Friday, May 19, 2006
Case Law Development: No Presumption of Undue Influence in Post Marital Agreements Absent Proof of Unfair Advantage
Wife file for divorce. The couple then decided to try to reconcile and, as part of their resolution, they drafted a post nuptial agreement to settle their financial affairs. Four years later when Wife again filed for divorce, she challenged the validity of the agreement that she contends is nothing more than a "pre-packaged divorce."
The California Court of Appeals affirmed the trial court's order finding the agreement valid and enforceable. Relying in part on precedent drawn from the trustee-beneficiary context, Wife argued that the agreement should have been presumed the product of undue influence because husbands and wives are in a fiduciary capacity toward one another. The court rejected this approach. It found the better analogy to be toward the fiduciary relationship of partners.
"the precedents construing statutory requirements applicable to transactions between trustees and their beneficiaries are not controlling in interspousal transactions. Interspousal transactions are expressly governed by Family Code section 721, which prohibits a spouse from taking "any unfair advantage of the other," and treats the fiduciary duties of spouses like those of business partners. The distinction between the two types of fiduciary relationship - trustee-beneficiary on the one hand, and spouses or business partners on the other - is entirely reasonable, because in the latter fiduciary duties run in both directions. Indeed, just as it would be patently irrational to presume undue influence in a contract between business partners, it would likewise be unreasonable to presume undue influence in a contract between spouses, unless one of the spouses has obtained an unfair advantage. For these reasons, we conclude that a contract between spouses that "advantages one spouse"..., and therefore raises a presumption the transaction was induced by undue influence, is a transaction in which one spouse obtains an unfair advantage over the other."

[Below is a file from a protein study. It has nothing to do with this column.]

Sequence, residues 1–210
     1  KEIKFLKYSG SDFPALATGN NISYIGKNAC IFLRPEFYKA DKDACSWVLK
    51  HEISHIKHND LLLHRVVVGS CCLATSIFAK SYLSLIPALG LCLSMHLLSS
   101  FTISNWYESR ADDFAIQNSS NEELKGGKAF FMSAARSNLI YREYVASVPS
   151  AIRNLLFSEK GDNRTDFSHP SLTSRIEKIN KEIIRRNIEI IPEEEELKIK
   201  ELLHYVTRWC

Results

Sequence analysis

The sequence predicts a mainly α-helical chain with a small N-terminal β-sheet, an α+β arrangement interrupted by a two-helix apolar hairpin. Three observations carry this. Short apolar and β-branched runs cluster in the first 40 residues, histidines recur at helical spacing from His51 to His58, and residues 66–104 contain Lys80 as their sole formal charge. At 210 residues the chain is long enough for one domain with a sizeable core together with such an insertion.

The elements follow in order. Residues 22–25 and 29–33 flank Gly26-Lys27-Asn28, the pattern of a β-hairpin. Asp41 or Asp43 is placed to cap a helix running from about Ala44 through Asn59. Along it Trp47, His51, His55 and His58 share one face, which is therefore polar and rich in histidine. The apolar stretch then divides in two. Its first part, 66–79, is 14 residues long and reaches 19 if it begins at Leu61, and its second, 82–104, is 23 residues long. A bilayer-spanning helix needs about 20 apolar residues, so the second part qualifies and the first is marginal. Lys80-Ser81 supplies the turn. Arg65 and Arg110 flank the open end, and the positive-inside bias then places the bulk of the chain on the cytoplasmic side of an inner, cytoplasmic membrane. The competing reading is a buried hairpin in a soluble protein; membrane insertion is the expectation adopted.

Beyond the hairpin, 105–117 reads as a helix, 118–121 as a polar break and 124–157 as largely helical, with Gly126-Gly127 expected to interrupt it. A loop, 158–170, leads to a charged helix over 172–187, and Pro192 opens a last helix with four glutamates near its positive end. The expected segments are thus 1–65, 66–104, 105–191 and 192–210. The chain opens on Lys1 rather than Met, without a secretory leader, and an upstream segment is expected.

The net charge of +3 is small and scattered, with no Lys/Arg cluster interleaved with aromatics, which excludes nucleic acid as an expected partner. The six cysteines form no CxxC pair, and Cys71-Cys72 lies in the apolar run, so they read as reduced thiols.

The court likewise rejected Wifes arguments that the agreement was based on fraud because husband did not provide wife with written information about the mergers in progress during the negotiation of the post-marital agreement. The court concluded that wife was aware of the negotiations and failed to investigate their significance or effect and thus was bound by the terms of the marital agreement.
In re Marriage of Burkle, 2006 Cal. App. LEXIS 732 (May 18, 2006)
Opinion on the web (last visited May 19, 2006 bgf)